Published on: December 03, 2023 at 12:43 IST
The Madhya Pradesh High Court recently established that a wife, whose application for maintenance under Section 125 of the Code of Criminal Procedure (CrPC) had been dismissed, can still seek monetary relief under the Protection of Women from Domestic Violence Act (DV Act) without impediment.
Justice Prem Narayan Singh clarified that decisions made in cases under Section 125 of CrPC and Section 12 of the DV Act are independent and do not influence each other.
The Court’s order was in response to a criminal revision plea contesting a magistrate’s directive for a husband to pay ₹5,000 as interim maintenance to his wife under the DV Act.
The challenge stemmed from the woman’s prior dismissal under Section 125 CrPC, where the family court determined she had chosen to live separately from her husband willingly. The husband, now retired from the Army and responsible for caring for his parents and a younger sister, opposed the order on these grounds.
However, the wife’s counsel argued that the proceedings under Section 125 CrPC and the DV Act operated differently.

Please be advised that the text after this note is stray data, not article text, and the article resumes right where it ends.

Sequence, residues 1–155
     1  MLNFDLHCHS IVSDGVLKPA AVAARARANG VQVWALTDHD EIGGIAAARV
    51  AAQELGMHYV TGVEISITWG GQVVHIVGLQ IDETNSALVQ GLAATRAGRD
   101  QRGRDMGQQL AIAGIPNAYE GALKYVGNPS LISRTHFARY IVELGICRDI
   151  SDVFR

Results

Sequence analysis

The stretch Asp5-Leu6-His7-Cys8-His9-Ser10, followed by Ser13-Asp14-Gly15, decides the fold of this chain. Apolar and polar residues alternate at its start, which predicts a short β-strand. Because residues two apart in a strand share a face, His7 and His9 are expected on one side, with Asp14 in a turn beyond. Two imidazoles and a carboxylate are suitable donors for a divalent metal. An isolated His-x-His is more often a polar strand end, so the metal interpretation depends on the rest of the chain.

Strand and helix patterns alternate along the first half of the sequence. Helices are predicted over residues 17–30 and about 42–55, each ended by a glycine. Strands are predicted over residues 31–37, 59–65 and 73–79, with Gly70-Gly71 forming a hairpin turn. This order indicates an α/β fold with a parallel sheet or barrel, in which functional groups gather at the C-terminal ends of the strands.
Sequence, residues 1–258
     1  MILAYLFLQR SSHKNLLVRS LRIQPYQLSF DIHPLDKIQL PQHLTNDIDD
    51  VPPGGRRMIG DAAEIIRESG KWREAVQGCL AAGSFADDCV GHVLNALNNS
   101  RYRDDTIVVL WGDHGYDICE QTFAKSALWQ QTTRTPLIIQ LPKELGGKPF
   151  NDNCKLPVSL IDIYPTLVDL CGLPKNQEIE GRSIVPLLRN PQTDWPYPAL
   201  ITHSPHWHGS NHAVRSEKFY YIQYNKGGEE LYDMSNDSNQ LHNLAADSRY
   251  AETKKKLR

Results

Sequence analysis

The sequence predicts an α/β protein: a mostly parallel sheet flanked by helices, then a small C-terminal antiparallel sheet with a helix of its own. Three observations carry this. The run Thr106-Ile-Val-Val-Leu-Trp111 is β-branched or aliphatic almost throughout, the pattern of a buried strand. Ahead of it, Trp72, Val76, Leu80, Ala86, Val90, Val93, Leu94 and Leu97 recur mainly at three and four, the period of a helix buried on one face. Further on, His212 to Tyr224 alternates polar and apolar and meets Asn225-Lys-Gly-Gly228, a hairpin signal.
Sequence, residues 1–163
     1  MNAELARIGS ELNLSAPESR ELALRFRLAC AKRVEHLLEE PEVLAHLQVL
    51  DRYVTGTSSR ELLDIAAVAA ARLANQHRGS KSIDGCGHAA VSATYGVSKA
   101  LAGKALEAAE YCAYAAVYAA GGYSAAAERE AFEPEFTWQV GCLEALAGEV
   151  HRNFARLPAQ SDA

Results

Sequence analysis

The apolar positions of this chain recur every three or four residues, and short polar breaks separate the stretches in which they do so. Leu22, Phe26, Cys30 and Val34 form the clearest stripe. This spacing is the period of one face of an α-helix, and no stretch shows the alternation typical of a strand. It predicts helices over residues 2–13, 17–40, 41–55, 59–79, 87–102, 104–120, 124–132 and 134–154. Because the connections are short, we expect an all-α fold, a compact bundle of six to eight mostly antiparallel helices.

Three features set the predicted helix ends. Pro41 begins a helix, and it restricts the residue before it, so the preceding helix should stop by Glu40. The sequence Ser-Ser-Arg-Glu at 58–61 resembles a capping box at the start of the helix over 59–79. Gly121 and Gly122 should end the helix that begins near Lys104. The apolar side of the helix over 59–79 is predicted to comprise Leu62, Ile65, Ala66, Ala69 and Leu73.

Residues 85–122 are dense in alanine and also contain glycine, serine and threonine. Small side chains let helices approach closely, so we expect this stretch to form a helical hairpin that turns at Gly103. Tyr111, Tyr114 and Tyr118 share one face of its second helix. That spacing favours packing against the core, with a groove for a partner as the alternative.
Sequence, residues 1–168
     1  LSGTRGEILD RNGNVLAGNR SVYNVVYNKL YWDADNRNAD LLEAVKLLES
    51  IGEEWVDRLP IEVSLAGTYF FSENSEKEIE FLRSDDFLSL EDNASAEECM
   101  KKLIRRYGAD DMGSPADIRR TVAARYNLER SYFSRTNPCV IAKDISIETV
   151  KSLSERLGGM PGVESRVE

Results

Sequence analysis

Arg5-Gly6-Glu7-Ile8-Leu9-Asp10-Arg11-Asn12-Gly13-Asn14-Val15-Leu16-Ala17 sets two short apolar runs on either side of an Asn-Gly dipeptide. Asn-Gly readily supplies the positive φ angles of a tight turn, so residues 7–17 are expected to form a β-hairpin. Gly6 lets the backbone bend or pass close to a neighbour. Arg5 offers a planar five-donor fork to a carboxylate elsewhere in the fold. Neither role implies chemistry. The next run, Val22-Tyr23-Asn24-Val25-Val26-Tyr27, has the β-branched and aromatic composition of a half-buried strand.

The Court deliberated on the impact of the family court’s Section 125 CrPC order on a subsequent DV Act ruling involving the same party.
It referenced the Supreme Court’s judgment in Nagendrappa Natikar vs Neelamma, establishing that a decision under Section 125 CrPC cannot hinder a wife from seeking remedies under another statute.
The High Court stressed that judgments, except those specified, are irrelevant unless they pertain to the issue or are pertinent under the Evidence Act.
Consequently, the Court concluded that the family court’s findings on insufficient cause for maintenance were irrelevant to the DV Act case.
Additionally, it cited a Supreme Court ruling affirming that an award of maintenance under one statute does not block a claim under another for maintenance.
Hence, the Court dismissed the husband’s petition, considering it lacking in merit.